The Good Fast application response. O2 MediaPlus Package works nicely. Loud stereo speakers.
The Bad Small touchscreen icons demand stylus. Loud stereo speakers. Low battery life.
The Bottom Line The Atom Life tries very hard to bridge the gap between serious business tools and lifestyle gadgets. It’s surprising, then, that it’s a better business tool than fun phone.
Are PDA-style smartphones just tools for the business set? O2 doesn’t appear to think so. It’s latest smartphone, the Xda Atom Life attempts to bridge that gap between people who need a business tool, and those who want something with just a smidgen more “fun” appeal — O2’s marketing spiel refers to them as “life warriors”, a term you won’t see in this review again.
A more cynical reviewer might comment that O2’s presumably trying to get in on the market before the lifestyle crowd shifts over to the Apple iPhone — but then, you can buy an Atom Life right now, whereas the iPhone is conspicuous by its absence from 2007-era Australian store shelves. Or any stores shelves right now, come to think of it.
The Atom Life has a carrying weight of 145 grams and dimensions of 106 by 58 by 18mm; that’s a touch smaller than the Xda Atom or Atom Exec, although only in one dimension. Aside from minimal dialling buttons and a five-way selector, the Atom is entirely touchscreen-driven, either via the stylus that sits at the top right hand side of the phone, or a grubby digit in an emergency. More on digit-related issues later.
The Atom Life is an HSDPA-enabled phone running Windows Mobile 5.0, which gives you access to the usual Windows-centric office applications — Word and its ilk — but then that’s hardly a “fun” set of utilities, and moreover, the same things can be had on considerably cheaper PDA/smartphones than the Atom Life. Where the Atom Life differentiates itself is in a few key hardware and software features with less of an enterprise bent. On the hardware side, it packs a 2-megapixel external camera (along with a front-mounted VGA model for video calls) and SRS WOW HD Stereo speakers, with the claim of offering a surround sound “experience” for your multimedia files. It’s also equipped with an FM radio, if “wacky” morning DJs are your kind of thing.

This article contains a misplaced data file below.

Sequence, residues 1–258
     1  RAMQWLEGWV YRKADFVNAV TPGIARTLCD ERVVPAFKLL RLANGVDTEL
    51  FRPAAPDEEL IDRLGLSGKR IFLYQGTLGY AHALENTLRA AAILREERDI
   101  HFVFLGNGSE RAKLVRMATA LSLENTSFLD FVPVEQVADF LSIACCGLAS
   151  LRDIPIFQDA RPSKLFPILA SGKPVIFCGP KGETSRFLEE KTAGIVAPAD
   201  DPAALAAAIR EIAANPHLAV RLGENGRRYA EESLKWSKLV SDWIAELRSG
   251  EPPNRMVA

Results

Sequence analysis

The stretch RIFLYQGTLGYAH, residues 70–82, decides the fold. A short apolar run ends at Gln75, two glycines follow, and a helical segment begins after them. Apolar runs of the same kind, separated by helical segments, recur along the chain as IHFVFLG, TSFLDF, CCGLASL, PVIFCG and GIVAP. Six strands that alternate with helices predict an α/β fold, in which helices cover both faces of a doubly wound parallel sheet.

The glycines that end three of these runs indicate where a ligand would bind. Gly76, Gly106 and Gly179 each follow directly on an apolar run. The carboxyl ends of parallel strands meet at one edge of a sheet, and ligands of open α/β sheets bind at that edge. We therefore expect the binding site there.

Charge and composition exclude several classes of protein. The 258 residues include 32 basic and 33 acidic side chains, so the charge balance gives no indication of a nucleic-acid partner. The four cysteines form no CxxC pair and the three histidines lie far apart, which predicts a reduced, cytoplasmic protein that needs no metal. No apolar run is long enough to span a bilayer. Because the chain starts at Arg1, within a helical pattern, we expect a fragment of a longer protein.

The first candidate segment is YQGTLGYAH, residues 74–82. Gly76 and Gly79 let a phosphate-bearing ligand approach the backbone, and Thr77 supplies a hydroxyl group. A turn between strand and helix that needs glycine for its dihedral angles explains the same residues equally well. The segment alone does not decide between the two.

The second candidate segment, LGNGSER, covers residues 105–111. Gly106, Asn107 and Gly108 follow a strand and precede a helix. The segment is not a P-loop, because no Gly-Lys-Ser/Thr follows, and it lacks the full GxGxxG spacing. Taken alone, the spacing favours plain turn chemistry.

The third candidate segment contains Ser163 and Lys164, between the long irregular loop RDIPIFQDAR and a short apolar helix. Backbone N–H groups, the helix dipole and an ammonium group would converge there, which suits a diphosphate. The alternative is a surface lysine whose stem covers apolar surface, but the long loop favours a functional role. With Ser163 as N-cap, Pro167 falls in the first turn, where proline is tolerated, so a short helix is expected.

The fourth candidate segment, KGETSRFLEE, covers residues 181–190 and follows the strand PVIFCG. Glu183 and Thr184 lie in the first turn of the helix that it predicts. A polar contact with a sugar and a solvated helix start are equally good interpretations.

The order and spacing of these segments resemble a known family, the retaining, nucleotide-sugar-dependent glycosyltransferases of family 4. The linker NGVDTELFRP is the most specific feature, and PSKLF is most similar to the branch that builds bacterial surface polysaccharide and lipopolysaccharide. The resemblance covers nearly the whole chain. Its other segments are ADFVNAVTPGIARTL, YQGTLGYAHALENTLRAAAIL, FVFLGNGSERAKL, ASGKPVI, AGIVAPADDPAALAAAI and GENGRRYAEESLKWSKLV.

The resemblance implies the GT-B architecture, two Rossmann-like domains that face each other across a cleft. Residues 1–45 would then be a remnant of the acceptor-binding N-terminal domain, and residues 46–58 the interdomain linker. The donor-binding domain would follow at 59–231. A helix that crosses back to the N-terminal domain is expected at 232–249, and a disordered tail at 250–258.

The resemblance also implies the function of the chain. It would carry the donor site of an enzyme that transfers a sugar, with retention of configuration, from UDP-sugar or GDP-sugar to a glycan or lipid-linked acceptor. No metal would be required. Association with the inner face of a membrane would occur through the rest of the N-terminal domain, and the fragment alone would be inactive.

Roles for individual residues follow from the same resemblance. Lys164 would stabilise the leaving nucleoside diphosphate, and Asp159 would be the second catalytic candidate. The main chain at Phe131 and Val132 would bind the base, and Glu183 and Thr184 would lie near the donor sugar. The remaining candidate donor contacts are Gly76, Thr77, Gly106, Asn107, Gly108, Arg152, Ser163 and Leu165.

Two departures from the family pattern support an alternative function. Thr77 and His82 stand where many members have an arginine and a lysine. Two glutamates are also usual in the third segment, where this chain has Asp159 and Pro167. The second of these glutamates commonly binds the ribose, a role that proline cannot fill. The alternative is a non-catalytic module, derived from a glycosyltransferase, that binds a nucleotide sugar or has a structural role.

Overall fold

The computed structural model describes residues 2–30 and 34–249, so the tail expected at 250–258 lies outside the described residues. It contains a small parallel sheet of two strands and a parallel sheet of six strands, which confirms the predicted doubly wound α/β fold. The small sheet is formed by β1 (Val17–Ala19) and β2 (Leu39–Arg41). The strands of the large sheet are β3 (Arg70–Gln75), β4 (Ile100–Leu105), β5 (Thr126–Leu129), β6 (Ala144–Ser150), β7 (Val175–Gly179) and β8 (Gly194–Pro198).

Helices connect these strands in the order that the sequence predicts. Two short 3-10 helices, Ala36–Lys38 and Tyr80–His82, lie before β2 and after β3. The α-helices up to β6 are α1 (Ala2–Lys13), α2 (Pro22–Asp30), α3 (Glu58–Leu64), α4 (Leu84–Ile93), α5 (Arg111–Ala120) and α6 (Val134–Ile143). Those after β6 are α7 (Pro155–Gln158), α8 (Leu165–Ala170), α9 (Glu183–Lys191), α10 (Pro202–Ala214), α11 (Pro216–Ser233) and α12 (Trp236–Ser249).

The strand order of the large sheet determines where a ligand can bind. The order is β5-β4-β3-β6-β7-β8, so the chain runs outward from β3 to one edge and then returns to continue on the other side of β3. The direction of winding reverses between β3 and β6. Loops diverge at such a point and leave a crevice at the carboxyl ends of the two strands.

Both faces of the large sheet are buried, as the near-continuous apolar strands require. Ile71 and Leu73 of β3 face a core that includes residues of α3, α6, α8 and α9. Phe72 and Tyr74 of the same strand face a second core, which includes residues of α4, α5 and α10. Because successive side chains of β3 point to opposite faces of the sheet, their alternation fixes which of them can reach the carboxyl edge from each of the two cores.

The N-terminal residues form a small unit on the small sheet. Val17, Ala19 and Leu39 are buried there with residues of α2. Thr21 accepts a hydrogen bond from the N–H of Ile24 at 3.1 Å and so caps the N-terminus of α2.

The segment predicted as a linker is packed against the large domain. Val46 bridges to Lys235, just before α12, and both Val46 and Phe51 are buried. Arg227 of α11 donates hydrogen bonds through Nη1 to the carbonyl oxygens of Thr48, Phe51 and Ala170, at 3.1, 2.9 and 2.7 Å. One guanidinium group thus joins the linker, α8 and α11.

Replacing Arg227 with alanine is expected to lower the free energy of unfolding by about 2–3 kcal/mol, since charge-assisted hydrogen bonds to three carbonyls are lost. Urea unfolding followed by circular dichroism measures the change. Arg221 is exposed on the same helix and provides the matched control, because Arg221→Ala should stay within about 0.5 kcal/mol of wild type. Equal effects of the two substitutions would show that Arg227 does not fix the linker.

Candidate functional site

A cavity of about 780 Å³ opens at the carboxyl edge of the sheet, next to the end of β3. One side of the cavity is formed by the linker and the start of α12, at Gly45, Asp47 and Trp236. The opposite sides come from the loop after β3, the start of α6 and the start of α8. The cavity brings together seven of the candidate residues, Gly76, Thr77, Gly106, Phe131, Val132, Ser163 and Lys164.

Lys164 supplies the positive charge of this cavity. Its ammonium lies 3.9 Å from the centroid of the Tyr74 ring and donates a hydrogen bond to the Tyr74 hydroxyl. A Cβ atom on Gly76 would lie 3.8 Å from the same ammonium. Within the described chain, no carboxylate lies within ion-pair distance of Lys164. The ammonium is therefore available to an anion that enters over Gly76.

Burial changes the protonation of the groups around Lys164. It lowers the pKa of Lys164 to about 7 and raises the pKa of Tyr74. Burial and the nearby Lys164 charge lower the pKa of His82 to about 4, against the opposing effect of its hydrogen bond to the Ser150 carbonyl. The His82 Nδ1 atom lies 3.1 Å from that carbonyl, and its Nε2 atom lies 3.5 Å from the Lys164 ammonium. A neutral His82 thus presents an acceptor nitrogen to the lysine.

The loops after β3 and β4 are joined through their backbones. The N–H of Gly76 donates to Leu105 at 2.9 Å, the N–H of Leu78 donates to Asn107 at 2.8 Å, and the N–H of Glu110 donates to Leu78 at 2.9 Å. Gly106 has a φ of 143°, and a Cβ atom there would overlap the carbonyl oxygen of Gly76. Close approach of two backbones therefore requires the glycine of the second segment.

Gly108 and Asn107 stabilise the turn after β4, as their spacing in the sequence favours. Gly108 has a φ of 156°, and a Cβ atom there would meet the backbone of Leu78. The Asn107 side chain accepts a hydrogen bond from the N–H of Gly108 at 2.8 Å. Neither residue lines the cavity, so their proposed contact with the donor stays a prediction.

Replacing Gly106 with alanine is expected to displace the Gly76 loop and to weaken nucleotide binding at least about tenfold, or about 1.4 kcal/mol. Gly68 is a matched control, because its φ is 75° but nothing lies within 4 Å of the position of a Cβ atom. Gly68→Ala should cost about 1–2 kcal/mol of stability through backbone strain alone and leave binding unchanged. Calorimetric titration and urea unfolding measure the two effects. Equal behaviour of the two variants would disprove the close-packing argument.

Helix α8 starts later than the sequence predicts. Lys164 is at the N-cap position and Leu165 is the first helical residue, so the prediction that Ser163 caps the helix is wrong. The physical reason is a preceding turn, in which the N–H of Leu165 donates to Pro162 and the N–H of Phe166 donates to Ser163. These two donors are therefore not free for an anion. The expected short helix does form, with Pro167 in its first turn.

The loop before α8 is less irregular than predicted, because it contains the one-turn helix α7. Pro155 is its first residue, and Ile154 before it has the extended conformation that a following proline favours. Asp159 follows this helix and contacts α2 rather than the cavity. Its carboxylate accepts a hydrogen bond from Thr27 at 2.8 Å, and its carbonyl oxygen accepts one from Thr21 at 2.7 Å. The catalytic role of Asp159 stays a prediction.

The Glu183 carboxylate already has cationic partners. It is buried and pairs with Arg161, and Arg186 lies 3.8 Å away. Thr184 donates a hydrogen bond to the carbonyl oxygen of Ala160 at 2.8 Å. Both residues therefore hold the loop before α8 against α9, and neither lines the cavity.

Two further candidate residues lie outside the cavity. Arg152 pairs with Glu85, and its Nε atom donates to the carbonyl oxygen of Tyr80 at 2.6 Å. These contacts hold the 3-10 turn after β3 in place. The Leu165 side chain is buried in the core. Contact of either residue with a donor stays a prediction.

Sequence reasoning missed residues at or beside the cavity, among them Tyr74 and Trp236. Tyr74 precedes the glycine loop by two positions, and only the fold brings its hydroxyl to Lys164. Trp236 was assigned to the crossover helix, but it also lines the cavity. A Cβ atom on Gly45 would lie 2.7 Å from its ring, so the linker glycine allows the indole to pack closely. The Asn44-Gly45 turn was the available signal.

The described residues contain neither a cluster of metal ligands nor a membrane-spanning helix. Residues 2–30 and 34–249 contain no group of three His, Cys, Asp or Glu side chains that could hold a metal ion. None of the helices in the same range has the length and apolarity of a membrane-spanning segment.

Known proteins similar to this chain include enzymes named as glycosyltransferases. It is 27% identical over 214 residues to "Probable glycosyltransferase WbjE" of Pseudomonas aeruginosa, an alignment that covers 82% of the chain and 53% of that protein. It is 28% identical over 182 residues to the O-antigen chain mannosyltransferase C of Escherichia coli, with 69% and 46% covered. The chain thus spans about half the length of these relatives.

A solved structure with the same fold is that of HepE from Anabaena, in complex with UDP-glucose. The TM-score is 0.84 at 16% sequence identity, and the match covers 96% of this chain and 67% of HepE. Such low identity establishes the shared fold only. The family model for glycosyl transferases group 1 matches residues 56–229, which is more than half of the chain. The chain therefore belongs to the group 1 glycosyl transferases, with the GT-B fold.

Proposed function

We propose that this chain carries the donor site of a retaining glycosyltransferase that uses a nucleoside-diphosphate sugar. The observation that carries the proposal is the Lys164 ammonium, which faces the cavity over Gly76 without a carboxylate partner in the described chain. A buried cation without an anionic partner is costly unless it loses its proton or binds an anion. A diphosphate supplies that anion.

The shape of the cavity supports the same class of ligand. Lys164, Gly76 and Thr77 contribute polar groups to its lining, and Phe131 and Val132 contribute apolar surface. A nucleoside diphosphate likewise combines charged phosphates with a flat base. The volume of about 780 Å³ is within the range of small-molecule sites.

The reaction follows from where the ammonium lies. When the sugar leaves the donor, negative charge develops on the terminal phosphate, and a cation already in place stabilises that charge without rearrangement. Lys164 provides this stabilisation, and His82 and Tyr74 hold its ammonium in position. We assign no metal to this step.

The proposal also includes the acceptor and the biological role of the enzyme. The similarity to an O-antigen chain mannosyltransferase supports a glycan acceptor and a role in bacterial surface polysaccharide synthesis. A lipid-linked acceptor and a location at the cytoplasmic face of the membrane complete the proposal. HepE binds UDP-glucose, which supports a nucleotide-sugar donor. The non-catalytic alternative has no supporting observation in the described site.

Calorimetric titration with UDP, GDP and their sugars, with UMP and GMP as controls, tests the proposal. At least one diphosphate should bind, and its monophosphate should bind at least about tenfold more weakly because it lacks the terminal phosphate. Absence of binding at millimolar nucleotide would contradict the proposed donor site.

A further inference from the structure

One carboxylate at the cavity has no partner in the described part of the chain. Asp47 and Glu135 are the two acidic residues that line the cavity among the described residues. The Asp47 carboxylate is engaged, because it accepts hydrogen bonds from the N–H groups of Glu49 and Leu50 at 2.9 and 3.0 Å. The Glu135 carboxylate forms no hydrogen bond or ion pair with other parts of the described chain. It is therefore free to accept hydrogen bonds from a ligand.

On the software side, O2 provides a bevy of its own applications. Many of these are still business-centric, but on the “fun” side is O2 MediaPlus. MediaPlus is a catch-all wrapper for the Atom Life’s multimedia prowess, covering your photo, video and musical collections, as well as activating the radio.
For those who drool over technical specifications, the Atom Life is running an Intel XScale PXA 270 — that’ll give you 624MHz of computing power — with 64MB of RAM and 1GB of flash ROM. Networking connectivity is provided via integrated Wi-Fi, Bluetooth 1.2 and infrared for talking to phones from the Jurassic age.
If you’re pondering a smartphone purchase, it’s well worth the time to play around with a couple in a store, especially if you’re looking at models with a touchscreen interface such as the Atom Life. Some users love the minimalist approach of touchscreens. Others find them incessantly fiddly, and the need to pop out the stylus to make calls and perform onscreen selections can become tiresome. It’s such an individual preference thing, however, that we normally wouldn’t mention it — except that it’s a particularly relevant point with the Atom Life, as the main splash screen is packed with information, and above all tiny icons. That’s great for getting across plenty of onscreen information, but virtually mandates the use of the stylus. We lost track of the number of times that an errant finger jab led to the wrong selection being made. Thankfully, a spare stylus is included in the box.